McCain Calls Australian Ambassador Amid Trump Tensions With Turnbull

McCain called the Australian ambassador to the U.S. on Thursday. (Rob Kunzig/Morning Consult)

Senate Armed Services Committee Chairman John McCain on Thursday expressed his “unwavering support” for the U.S.-Australia alliance following President Donald Trump’s combative phone call last week with Prime Minister Malcolm Turnbull.

“Australia is one of America’s oldest friends and staunchest allies,” the Arizona Republican said in a statement. “We are united by ties of family and friendship, mutual interests and common values, and shared sacrifice in wartime. In that spirit, I called Australia’s Ambassador to the United States this morning to express my unwavering support for the U.S.-Australia alliance.”

Trump became furious with Turnbull during a phone call on Saturday when the prime minister asked him to honor a deal reached with the Obama administration to accept 1,250 refugees from Australian detention facilities, according to an article published by The Washington Post. Turnbull’s request came a day after Trump had signed an executive order temporarily banning all refugees from entering the United States as a counterterrorism measure.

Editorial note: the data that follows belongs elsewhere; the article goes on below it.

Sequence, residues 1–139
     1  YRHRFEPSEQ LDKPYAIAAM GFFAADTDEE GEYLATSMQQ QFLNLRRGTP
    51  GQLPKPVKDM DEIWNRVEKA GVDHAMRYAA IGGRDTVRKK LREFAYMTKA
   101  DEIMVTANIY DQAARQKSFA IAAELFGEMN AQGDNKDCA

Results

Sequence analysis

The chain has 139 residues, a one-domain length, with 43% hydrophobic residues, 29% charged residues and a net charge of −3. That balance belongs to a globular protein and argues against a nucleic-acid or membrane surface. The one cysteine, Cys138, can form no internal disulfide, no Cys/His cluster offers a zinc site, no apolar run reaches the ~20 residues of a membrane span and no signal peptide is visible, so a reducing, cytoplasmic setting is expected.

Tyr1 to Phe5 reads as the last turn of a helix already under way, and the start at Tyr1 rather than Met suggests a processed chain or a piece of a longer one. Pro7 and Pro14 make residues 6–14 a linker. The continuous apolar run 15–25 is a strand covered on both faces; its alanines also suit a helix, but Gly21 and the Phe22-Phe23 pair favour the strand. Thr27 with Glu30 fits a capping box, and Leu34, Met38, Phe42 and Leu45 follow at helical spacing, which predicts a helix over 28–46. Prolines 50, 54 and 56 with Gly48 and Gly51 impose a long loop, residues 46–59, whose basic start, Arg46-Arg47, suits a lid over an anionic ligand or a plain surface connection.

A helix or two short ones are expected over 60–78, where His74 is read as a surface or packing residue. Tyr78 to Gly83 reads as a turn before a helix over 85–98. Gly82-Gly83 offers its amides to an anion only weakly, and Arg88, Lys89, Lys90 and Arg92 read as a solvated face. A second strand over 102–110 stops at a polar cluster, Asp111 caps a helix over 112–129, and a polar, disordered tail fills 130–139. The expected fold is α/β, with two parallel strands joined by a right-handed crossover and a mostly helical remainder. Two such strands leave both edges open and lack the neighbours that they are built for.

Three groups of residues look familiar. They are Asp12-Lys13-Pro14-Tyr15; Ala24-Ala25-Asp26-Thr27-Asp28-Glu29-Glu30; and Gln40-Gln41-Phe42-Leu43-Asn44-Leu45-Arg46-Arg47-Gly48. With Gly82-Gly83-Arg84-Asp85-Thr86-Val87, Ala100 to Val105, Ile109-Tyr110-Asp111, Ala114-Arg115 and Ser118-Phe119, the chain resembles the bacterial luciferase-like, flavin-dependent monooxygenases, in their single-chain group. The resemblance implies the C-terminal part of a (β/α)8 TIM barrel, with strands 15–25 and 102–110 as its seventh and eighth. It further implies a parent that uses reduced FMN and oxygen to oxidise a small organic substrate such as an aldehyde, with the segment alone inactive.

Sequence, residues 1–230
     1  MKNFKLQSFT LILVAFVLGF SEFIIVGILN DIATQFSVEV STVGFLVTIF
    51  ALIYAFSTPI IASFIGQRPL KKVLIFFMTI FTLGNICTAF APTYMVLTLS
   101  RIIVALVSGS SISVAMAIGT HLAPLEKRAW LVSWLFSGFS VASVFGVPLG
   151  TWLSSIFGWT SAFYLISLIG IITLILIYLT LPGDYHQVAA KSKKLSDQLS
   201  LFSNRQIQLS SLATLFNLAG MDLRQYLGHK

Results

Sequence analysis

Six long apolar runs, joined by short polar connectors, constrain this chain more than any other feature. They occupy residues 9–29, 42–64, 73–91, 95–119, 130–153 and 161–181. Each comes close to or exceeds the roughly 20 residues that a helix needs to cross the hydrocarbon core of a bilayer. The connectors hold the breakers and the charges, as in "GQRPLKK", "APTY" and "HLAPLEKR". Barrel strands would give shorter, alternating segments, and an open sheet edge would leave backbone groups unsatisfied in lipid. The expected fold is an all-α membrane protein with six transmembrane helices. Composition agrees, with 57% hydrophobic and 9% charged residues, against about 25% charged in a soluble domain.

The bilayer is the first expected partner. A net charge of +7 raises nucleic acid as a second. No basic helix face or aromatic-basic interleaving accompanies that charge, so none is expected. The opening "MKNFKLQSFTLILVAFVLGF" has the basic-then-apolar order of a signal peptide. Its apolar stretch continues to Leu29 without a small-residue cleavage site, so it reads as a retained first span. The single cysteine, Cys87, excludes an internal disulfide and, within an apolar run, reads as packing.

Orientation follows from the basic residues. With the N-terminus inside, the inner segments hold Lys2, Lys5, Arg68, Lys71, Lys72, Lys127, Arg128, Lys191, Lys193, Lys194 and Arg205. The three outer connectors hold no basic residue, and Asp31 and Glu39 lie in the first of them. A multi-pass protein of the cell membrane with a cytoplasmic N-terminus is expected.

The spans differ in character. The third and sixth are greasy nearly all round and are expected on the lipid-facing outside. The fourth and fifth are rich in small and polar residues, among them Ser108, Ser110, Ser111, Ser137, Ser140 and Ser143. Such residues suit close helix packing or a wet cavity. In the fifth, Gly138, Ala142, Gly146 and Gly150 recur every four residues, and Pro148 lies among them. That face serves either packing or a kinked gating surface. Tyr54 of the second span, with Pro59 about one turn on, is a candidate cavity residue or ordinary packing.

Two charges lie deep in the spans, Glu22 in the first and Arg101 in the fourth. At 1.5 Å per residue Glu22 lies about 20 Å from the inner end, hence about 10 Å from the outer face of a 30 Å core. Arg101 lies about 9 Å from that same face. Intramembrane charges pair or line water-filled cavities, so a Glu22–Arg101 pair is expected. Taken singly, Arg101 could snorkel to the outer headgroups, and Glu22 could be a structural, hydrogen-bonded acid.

On Wednesday, Trump criticized the previous administration’s agreement with Australia and said the U.S. wouldn’t commit to honoring it. Trump also addressed the issue during his speech Thursday at the National Prayer Breakfast.

“When you hear about the tough phone calls I’m having, don’t worry about it. Just don’t worry about it. They’re tough. We have to be tough,” he said. “It’s time we’re gonna be a little tough, folks. We’re taken advantage of by every nation in the world, virtually. It’s not gonna happen anymore.”

House Speaker Paul Ryan on Thursday downplayed the friction with Australia. Speaking with reporters at his weekly press conference, the Wisconsin Republican said he didn’t “think Australia should be worried about its relationship” with Trump or the United States.

“I think it is important presidents and prime ministers have candid and private conversations with one another,” he added.


Eli Yokley contributed to this story.

Morning Consult